Cost-effectiveness analysis of early versus non-early intervention in acute migraine based on evidence from the 'Act when mild' study

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    Abstract

    Background: In spite of the important progress made in the abortive treatment of acute migraine episodes since the introduction of triptans, reduction of pain and associated symptoms is in many cases still not as effective nor as fast as would be desirable. Recent research pays more attention to the timing of the treatment, and taking triptans early in the course of an attack when pain is still mild has been found more efficacious than the usual strategy of waiting for the attack to develop to a higher pain intensity level. Objective: To investigate the cost effectiveness of early versus non-early intervention with almotriptan in acute migraine. Methods: An economic evaluation was conducted from the perspectives of French society and the French public health system based on patient-level data collected in the AwM (Act when Mild) study, a placebo-controlled trial that compared the response to early and non-early treatment of acute migraine with almotriptan. Incremental cost-effectiveness ratios (ICERs) were determined in terms of QALYs, migraine hours and productive time lost. Costs were expressed in Euros (year 2010 values). Bootstrapping was used to derive cost-effectiveness acceptability curves. Results: Early treatment has shown to lead to shorter attack duration, less productive time lost, better quality of life, and is, with 92% probability, overall cost saving from a societal point of view. In terms of drug costs only, however, non-early treatment is less expensive. From the public health system perspective, the (bootstrap) mean ICER of early treatment amounts to €0.38 per migraine hour avoided, €1.29 per hour of productive time lost avoided, and €14 296 per QALY gained. Considering willingness-to-pay values of approximately €1 to avoid an hour of migraine, h10 to avoid the loss of a productive hour, or €30 000 to gain one QALY, the approximate probability that early treatment is cost effective is 90%, 90% and 70%, respectively. These results remain robust in different scenarios for the major elements of the economic evaluation. Conclusions: Compared with non-early treatment, a strategy of early treatment of acute migraine with almotriptan when pain is still mild is, with high probability, cost saving from the French societal perspective and can be considered cost effective from the public health system point of view. Adis © 2012 Springer International Publishing AG. All rights reserved.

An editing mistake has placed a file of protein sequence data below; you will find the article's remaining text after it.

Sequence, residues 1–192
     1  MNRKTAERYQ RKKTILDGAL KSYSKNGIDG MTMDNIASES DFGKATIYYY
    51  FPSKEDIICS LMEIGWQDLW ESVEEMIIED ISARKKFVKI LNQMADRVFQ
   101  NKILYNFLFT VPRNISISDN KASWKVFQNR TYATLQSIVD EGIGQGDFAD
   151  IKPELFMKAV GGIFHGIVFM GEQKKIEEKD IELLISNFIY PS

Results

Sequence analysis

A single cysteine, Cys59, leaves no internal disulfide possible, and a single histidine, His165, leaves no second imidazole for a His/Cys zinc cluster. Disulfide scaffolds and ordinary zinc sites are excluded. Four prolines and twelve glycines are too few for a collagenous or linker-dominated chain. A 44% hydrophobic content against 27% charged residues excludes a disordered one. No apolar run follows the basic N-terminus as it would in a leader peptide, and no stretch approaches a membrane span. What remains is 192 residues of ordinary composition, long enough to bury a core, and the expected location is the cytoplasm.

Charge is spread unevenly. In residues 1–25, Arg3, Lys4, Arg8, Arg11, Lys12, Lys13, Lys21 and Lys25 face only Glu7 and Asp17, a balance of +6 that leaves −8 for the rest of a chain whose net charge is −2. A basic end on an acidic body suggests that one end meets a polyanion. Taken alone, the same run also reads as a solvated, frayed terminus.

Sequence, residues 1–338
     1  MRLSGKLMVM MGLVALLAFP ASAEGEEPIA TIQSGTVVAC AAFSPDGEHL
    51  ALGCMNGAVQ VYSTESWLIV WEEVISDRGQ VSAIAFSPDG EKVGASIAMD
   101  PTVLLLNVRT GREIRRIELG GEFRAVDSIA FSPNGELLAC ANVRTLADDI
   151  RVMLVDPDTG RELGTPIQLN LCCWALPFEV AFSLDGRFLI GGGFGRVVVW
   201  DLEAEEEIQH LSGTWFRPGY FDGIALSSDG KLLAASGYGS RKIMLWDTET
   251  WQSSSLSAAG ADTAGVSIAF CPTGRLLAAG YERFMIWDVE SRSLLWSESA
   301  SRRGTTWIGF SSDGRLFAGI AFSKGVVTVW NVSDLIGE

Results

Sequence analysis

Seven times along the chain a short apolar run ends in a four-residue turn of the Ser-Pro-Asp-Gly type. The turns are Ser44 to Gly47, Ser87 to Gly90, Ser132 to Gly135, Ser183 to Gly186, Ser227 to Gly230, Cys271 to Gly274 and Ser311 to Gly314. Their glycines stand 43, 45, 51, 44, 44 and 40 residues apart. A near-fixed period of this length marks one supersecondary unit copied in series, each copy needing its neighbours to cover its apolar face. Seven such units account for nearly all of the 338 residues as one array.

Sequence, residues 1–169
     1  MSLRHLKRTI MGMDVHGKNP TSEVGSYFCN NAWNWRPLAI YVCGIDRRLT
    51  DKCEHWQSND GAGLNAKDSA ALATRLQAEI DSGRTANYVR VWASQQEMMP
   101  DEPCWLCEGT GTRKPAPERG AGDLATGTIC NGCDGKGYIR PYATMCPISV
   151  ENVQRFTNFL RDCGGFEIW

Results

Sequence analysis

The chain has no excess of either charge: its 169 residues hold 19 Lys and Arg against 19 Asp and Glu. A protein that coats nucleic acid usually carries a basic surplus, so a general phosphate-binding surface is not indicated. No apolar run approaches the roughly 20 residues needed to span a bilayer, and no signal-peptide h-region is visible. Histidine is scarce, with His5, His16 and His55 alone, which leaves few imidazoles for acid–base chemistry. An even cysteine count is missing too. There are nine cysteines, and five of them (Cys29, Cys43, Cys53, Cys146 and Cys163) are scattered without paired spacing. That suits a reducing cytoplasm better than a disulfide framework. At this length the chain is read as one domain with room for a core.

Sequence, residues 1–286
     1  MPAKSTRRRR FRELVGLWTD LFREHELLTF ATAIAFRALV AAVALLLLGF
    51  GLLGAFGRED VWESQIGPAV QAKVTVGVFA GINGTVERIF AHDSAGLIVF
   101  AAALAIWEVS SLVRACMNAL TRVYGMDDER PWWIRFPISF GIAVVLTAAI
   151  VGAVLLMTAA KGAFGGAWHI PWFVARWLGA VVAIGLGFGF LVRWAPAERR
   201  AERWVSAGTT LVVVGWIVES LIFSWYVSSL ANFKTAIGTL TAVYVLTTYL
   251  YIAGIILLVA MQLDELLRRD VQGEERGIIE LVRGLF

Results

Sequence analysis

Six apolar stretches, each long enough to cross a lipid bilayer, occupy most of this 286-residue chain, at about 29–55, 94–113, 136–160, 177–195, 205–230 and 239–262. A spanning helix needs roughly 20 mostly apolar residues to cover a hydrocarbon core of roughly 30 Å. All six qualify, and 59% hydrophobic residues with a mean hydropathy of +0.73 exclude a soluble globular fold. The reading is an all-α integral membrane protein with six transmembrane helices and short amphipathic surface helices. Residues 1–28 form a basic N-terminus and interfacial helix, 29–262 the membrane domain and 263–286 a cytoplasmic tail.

Original languageEnglish
    Pages (from-to)201-215
    JournalApplied Health Economics and Health Policy
    Volume10
    DOIs
    Publication statusPublished - 26 Apr 2012

    Keywords

    • Almotriptan
    • Cost-effectiveness
    • Cost-utility
    • Intervention
    • Migraine

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